Monthly Archives: February 2006


Dennis Prager: A Voice for Reasonable Moral Thinking

I am not a huge fan of talk-radio, even less so of talk-television. I find much of this medium inane. It is more about entertainment than about provoking real thought. There are a few exceptions to this general rule, which proves the old adage that “exceptions prove the rule.”

I do listen to some talk-radio when I am in my car. This time period in my car is often in the middle of the day when I am going to and from appointments. One person I consistently enjoy listening to on the radio is the conservative Jewish talk-show host Dennis Prager. I have recently begun to read his online material as well his published books. I sometimes disagree rather strongly with Prager about important moral and social issues; especially on abortion (he favors legal abortion with strong limitations in the first trimester).

Like me Dennis Prager is not a consistent conservative partisan politically. He often sides with the Republican Party on matters of national defense and public policy but his criticisms of the president, for over-spending and thus for

By |February 27th, 2006|Categories: Politics|

Harvard's President Resigns Under PC Fire

Lawrence H. Summers is not a noted figure from the political right. In fact, he served as a cabinet member under President Clinton. But he has been the recipient of a barrage of politically correct attacks over recent years. Since 2001 Summers has served as the much maligned president of Harvard University and has been under great fire for some months now. Summers finally resigned yesterday, effective June 30, 2006. Sadly, his story represents a great deal of the problem in much higher education in our day.

In his resignation letter Summers said to the board of Harvard:

I have notified the Harvard Corporation that I will resign as President of the University as of June 30, 2006. Working closely with all parts of the Harvard community, and especially with our remarkable students, has been one of the great joys of my professional life. However, I have reluctantly concluded that the rifts between me and segments of the Arts and Sciences faculty make it infeasible for me to advance the agenda of renewal that I see as crucial to Harvard’s future. I

By |February 22nd, 2006|Categories: Uncategorized|

Preserving Peace Through Strength

Radical pacifism is alive and well in the United States. Behind a great deal of opposition to every war there are those who genuinely believe the New Testament obligates them to non-participation in armed conflict. I have great respect for such conviction, found particularly in the Anabaptist tradition. I once seriously considered this position myself, in my late teens, and have friends who truly hold this ethical stance out of loyalty to Christ as Lord.

But I have serious reservations about the more popular kinds of pacifism that stir up “antiwar” and “peace protests” in our present context. If these views had been dominant in the 1940s I am convinced that Nazism would have swept Europe. If they had been dominant in the 1950s and 1960s Communism would have prevailed in the world. Now that the threat to the West, and its freedoms, is militant Islam the stakes are just as high. The arguments for an antiwar stance range from a lingering commitment to unilateral disarmament all the way to naively embracing the lies that radical Islam wants peace with the West.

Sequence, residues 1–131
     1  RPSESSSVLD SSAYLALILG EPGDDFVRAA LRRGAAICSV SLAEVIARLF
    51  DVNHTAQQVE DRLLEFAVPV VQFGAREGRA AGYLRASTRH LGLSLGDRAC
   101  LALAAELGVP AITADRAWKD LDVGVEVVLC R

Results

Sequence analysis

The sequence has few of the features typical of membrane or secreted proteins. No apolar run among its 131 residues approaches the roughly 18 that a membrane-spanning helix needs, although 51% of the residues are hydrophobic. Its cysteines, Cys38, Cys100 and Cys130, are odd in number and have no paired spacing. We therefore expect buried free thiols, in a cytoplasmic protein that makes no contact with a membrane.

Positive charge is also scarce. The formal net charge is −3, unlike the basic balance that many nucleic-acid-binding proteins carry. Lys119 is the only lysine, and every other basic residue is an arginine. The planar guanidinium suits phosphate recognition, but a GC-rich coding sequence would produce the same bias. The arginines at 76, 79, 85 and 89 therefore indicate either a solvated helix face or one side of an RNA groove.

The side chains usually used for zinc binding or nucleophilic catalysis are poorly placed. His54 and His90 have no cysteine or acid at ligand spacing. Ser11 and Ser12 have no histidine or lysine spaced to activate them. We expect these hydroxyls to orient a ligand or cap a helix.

By |February 21st, 2006|Categories: Politics|

When William Willimon Speaks I Listen

William Willimon is the bishop of the Methodist Church in Alabama. He is also a widely respected writer and a very able preacher of the gospel. If you don’t know his work you have missed something. Every preacher, and serious Christian thinker, ought to read "Will," as he is called by friends. You will disagree at some points but you will profit for sure.

Willimon has a unique way of cutting the chase when he writes about public issues. He is keenly prophetic and quite often provocative. He once said, “There can be no better work for us than—in our own way, in our own place—to testify to the fact that God rules the world; nations do not.”

Someone needs to remind Iran, North Korea, and Syria of this truth. But someone also ought to remind Israel and the United States of America that this is true, especially in the light of the responsibility these Western nations have before God. If God’s preachers will not speak to this matter who will? I am a political conservative, for several intellectually formed

By |February 20th, 2006|Categories: Politics|

The Tyranny of Medical Research and the Body-Police

Modern medical research has done a great deal of obvious good. Life spans have been lengthened in recent decades and people generally enjoy healthier lives as a result of studies in nutrition and diet.

But there is a real trap for some in these continued medical discoveries. Hard science is necessarily committed to a continued quest for better knowledge based upon better research. The results mean that once “proven” assumptions about good or bad can be altered again and again. A good example of this was seen in the recent research evidence that coffee is not nearly as bad for you as was previously assumed.

Manfred Kroger, a retired food scientist from Penn State University, says: “A lot of early research was flawed. Coffee lovers are more likely to do harmful things like smoke and drink alcohol in excess, so coffee was often falsely incriminated.” The health benefits of coffee are not so great that anyone is urging you to up your intake significantly. Pregnant women are still urged to abstain. And large amounts of coffee still appear to present

By |February 16th, 2006|Categories: Science|

Charles Colson and the Culture Commission